Last Thursday, I successfully defended my dissertation. In preparation, I had spoken to my advisor and colleagues about what to expect. My advisor prepared me for the format of the defense and what I needed to prepare for my own presentation. My colleagues repeatedly told me that my defense would be much more casual than I anticipated. I struggled to understand how that could be. In my mind, my dissertation defense had been built up as the ultimate demonstration of my expertise. It’s natural for graduate students to feel that way. We often spend years working on our degrees and a year or more on the dissertation itself.
In advance, I prepared my presentation. In public speaking classes, I teach students not to speak from a manuscript. Speaking from a manuscript can leave you stilted and unable to interact with the audience. In the end, because of my nervousness, I broke this rule. I wrote out a manuscript and read from it. My advisor told me a slow down a few minutes into my presentation. I confessed that I was nervous, so I had typed out the presentation. After that point, I continued to read from it, but felt a bit more relaxed.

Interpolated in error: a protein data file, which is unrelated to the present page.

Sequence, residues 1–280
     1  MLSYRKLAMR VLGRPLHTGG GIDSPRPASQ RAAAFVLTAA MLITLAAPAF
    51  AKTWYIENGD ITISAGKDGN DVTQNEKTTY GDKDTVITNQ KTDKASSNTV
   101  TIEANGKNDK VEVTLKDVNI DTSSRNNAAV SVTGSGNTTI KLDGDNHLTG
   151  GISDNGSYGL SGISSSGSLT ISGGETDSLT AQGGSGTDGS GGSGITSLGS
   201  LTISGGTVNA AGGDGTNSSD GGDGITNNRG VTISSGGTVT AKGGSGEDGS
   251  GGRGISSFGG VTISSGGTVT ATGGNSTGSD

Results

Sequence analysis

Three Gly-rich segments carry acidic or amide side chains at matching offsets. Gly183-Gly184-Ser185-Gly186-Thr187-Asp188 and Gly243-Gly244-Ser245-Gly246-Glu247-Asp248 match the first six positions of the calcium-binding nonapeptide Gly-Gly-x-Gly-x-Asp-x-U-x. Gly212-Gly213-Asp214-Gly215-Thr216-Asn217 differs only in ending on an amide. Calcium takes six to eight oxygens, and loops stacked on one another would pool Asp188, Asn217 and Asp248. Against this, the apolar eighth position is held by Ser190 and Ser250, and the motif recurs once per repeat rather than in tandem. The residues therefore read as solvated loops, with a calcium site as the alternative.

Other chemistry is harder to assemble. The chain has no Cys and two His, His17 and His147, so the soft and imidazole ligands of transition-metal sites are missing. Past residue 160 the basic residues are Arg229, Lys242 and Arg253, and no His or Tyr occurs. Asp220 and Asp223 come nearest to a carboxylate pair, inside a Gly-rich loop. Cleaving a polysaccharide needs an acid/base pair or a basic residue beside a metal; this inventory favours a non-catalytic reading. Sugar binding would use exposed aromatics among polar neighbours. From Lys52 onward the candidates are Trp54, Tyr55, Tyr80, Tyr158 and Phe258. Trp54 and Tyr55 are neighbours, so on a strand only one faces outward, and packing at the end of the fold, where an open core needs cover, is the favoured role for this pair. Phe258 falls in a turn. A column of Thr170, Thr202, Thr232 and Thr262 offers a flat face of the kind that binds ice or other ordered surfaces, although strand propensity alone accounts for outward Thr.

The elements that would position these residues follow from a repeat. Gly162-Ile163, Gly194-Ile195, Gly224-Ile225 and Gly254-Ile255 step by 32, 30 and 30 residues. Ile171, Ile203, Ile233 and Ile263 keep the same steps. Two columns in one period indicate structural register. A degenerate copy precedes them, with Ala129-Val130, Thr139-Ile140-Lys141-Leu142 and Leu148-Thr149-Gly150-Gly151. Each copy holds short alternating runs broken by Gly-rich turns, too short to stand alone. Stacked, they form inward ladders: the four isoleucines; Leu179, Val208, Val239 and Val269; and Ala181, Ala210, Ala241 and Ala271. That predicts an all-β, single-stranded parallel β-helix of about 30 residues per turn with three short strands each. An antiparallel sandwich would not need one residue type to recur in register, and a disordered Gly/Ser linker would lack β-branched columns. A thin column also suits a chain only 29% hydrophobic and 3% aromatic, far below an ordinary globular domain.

At the conclusion of my presentation, I feared the worst. I had labored over the 200 single-spaced pages of my dissertation (excluding my bibliography). Although criticism is an important part of developing academic writing, I was afraid of what this criticism would entail. Yet, the conversation was relaxed. It felt like a conversation between equals. I was at ease finally getting to talk about the topic that I had worked months on. I now know what improvements I can make on my project, but I am proud of the work I have done.
Near the end of my defense, my advisor told me “Congratulations, Doctor.” Although I still have to deposit my dissertation, I am nearly done. All weekend people have asked me how I feel. It feels a bit surreal. I worked for years toward this degree, and, in a matter of 2 hours, I was done. It feels a bit anticlimactic.